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Trying To Get Foot Back In The Door

Author: Paul Cherry Date: Jul 26th, 2014 Category: Business Practices

Paul,

What am I doing wrong? John and I met a few weeks ago to discuss his company’s interest in my products. I felt like we really hit it off. We had a great meeting, he asked a lot of questions, and told me to call him in a few weeks after he got back from a conference. I have called him five times now, and he has not returned my calls! What do I do?

Sincerely,
Trying to Get Foot Back in The Door

 

Dear Trying To Get Foot Back In The Door,

You made a common mistake when you ended your meeting with John. Instead of agreeing to call him “in a couple of weeks” you should have said something more specific like, “John, I am so glad we got to talk. So we don’t play phone tag, let’s pencil in a time and date that would work for us to reconnect on this issue.” Using this tactic holds both parties accountable by setting a date and time for your next meeting.

Getting Squeezed on Price

Author: Paul Cherry Date: Jun 27th, 2014 Category: Business Practices

See how “Getting Squeezed On Price learns how to sell value and protect his hard-earned margins…

 Dear Paul,

I am working on landing what could be a huge opportunity. But the buyer only wants to squeeze out any margins in order to get a lower price. I’m desperate to win this account because it means I’ll hit my quota. I’m meeting with Susan the buyer this week. What do I do?

Sincerely,
Getting Squeezed on Price

#1 Question to Snatch Business from Your Competition

Author: Paul Cherry Date: Jan 29th, 2014 Category: Sales Questions

Last year, your customers bent over backwards to save money. Now that it’s 2010, they must shift their focus toward how to make money. Ask your customers questions that will get them planning how to increase revenue, how to grow market share, and how to secure more business at higher profit margins—start with this one:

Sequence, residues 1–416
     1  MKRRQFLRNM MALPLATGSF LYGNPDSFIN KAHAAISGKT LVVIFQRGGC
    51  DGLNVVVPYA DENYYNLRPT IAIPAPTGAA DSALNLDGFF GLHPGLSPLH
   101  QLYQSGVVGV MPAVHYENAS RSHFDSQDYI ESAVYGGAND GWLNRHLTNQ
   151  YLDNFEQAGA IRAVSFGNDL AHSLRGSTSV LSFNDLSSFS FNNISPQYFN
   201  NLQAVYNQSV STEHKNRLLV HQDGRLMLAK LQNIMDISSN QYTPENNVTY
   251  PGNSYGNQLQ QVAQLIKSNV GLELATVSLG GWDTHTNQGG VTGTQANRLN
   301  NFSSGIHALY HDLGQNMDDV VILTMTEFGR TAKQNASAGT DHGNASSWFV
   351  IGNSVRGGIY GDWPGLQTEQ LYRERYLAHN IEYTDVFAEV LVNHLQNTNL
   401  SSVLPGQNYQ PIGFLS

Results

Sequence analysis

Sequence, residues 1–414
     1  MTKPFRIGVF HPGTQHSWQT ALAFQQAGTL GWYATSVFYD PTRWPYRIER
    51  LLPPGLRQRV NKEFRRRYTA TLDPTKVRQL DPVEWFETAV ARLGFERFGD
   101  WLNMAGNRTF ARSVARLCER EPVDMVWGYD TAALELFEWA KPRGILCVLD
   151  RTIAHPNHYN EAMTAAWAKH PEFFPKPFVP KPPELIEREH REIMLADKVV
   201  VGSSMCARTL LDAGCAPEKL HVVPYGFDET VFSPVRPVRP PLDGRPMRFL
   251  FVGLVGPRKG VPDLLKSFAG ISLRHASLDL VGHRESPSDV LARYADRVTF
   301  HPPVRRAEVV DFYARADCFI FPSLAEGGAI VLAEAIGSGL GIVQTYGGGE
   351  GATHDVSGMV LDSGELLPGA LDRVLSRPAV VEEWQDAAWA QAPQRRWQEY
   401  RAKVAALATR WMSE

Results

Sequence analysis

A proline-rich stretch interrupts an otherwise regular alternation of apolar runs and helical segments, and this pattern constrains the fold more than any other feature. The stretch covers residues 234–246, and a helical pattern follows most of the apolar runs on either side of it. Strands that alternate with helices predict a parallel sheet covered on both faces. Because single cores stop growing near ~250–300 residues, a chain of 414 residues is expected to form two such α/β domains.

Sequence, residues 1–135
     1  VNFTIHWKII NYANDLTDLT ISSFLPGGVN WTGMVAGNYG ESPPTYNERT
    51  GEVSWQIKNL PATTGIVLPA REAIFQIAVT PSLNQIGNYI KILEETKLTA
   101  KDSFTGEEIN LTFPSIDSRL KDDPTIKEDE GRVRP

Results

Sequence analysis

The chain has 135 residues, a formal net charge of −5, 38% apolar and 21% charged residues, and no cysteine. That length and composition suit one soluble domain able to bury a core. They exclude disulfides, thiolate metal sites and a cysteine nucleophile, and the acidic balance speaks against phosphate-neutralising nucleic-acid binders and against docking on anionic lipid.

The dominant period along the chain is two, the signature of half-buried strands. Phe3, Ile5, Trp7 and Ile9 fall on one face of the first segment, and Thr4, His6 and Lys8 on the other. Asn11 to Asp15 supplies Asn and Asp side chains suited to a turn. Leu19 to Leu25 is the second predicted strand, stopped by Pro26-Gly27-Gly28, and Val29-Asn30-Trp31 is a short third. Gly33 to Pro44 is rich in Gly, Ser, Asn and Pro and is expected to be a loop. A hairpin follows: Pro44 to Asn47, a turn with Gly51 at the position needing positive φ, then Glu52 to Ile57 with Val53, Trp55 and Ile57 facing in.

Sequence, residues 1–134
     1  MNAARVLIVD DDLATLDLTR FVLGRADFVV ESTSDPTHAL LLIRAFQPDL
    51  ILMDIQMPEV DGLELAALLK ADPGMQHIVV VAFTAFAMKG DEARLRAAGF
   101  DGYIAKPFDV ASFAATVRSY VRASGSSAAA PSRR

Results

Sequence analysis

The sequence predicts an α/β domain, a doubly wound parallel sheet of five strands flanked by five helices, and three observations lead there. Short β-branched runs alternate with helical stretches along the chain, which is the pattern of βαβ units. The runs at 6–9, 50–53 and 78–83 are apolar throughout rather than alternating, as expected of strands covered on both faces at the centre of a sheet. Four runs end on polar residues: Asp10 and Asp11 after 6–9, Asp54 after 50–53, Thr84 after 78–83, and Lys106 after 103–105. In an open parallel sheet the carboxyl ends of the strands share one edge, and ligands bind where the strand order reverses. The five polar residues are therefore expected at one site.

“What will it take on my part to win that portion of the business you’re currently giving to our competition?”

Using Comparison Questions to Gain Customer Insight

Author: Paul Cherry Date: Jan 15th, 2014 Category: Sales Questions

The comparison question is a crucial part of your selling skills arsenal. It can open up several avenues to further the sales call discussion, such as events in your customer’s past and hopes for his future. It can help you gain access to an organization’s inner workings — uncovering conflicting interests among its employees. Here’s how to change an ordinary question into a comparison question:

Ordinary question: “What are your goals?”

Comparison question: “What do you want to accomplish in the next twelve months compared to where you were one year ago.”

Getting Customers to Look toward a Future With You

Author: Paul Cherry Date: Jan 13th, 2014 Category: Sales Questions

VISION QUESTIONS prompt your customers to consider a positive future as a direct result of doing business with you. Vision questions help your customers discover how much better their business situations will improve — once they implement your sales plan. Here’s an example:

“If you could implement the changes we’ve discussed, how do you envision your job (or career) 5 years from now?”

Vision questions unleash your customer’s view of the future and make it clear what needs to be done to accomplish these goals. Vision questions open the door to how you, the salesperson, can be a vital part of your customer’s solution. Vision questions enable your customer to sell himself on WHY he needs YOU — instead of the other way around!